Each individual color and Tarot card can be clicked on for more in depth information. From the site:
Meanings: Harmony, Nature, Balance, Good Advice, Talents for Coordination and Counseling, Unification, Sense of Community, Protective.
Too Much: Lost Sense of Self
Too Little: Disappointment, Feelings of Inadequacy, Co-dependency
Tarot Cards: The Hierophant
Esoteric Title: Magus of the Eternal Gods
Astrological Atttribution: Taurus
Elemental Attribution: Earth (cold, dry)
Dates & Timing: April 20 to May 20
Hebrew Letter: Vau Hook 6
Intelligence: Triumphant Intelligence
Esoteric Function: Hearing
Qabalistic Path: Path 16: 2 Chokmah to 4 Chesed
Translation of Path: The Wisdom of Mercy
Keywords: Divine Wisdom, Explanation, Teaching, Desire + Knowledge (rose and lily), Inner Guide, Spiritual Master, Education, Belief Systems, Spiritual Father, Teacher, Advisor, Establishments, Organizations, Groups, Religion, Teaching, Structures, Groups
Ill-Dignified: Inventive, Originality, Non-conformist, Youth, Inventor, Free Spirit, Open Mind, New Adventures, Foolish exercise of generosity. Susceptibility. Impotence. Vulnerability. Frailty. Unorthodoxy. Renunciation.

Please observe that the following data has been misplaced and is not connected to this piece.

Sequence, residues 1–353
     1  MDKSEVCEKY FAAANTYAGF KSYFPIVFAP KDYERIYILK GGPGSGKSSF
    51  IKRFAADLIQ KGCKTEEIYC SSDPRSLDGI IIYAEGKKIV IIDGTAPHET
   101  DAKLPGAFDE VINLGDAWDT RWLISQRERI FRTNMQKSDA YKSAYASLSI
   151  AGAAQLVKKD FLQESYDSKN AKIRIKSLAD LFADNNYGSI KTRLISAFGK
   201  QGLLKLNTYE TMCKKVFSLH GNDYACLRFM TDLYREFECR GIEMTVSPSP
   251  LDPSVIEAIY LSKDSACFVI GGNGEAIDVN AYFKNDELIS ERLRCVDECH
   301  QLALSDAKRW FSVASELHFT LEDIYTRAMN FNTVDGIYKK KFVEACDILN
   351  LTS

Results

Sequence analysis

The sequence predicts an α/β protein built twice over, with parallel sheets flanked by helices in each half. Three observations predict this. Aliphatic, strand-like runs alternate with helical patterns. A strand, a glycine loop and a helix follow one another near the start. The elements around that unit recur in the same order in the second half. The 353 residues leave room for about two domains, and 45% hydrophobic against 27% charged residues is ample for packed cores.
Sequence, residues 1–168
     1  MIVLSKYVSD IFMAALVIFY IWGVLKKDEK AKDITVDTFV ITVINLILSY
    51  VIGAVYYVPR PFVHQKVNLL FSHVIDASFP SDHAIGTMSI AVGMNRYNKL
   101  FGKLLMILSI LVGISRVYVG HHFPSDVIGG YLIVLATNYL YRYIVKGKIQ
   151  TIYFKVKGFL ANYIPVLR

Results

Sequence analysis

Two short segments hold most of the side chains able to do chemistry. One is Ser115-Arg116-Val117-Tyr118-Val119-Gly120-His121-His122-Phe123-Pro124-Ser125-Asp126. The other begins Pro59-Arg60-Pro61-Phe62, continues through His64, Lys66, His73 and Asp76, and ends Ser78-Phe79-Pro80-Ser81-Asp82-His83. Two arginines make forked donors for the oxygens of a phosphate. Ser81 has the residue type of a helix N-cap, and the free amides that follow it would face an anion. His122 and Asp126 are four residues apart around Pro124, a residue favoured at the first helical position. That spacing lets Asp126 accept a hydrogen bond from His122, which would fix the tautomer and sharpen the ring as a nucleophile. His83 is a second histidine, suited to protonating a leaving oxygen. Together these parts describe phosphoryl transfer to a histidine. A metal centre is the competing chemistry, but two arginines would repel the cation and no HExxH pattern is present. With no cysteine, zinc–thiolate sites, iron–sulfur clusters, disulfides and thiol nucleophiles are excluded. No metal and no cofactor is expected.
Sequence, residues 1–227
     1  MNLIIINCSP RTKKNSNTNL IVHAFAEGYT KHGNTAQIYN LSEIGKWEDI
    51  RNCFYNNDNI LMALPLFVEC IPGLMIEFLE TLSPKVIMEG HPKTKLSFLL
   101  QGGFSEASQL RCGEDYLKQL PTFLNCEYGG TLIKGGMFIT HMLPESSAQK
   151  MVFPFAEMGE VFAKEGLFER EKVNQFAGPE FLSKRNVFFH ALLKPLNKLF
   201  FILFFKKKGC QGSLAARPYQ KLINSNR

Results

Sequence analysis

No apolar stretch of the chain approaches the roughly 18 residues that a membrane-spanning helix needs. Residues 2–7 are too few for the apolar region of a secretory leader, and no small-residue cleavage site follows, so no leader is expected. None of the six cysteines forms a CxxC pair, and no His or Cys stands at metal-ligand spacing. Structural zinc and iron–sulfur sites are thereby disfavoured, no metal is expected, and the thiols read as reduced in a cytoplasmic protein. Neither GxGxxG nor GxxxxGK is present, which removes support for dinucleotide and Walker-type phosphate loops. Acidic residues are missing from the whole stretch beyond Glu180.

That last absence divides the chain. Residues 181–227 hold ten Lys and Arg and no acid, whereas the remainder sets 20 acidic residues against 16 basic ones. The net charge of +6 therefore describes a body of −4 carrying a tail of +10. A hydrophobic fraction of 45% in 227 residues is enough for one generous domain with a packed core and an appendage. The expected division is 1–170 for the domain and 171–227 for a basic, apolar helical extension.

Note: Each tarot card is presented with the "Tarot of Color" card on the left and the matching card from the Golden Dawn Tarot on the right.
The cards themselves are 3" by 5", on good quality card stock. There are 80 cards in the deck: the traditional 78 cards of the Tarot, and two additional cards: a color diagram of the Tree of Life, and a color diagram of the Elements and their properties, along with the Elemental Dignity Rules.
The backs of the cards show a black background, with a thin white border approximately 1/4" in from the edge of the card. In the center the "Tarot of Color" appears in white letters, beneath a glyph of what appears to be a variation of a Celtic knot, with a brightly colored bird facing it, multi-colored wings spread out. I asked Leisa about this, and I was exactly right! Leisa used the Celtic knot as a representation of fate in a Tarot reading. The know is in the form of a triangle, representing trinity, as well as the synthesis of duality. The bird with its wings spread out (i.e. a "flying bird") represents the connection between earth and heaven. In many cultures, birds are also seen as messengers (smiling at all Harry Potter fans!). The multicolored spread wings form a rainbow, indicating not only that color has taken flight, but that another bridge has been formed between heaven and earth, and between Tarot and our lives. This is mirrored from top to bottom, so that it would not be possible to tell if a card was drawn in the upright or reversed positions.
The face of the cards shows a color coded background, with a thin black line approximately 1/4" in from the edge. The number of the card appears at the top of the card, followed by:
Major Arcana: the Title, Elemental Glyph, the Esoteric Title, the Astrological attribution, the Elemental attribution, Dates and Timing, Hebrew Letter, Color, Intelligence, Esoteric Function, Qabalistic Path, and the Translation of the Path.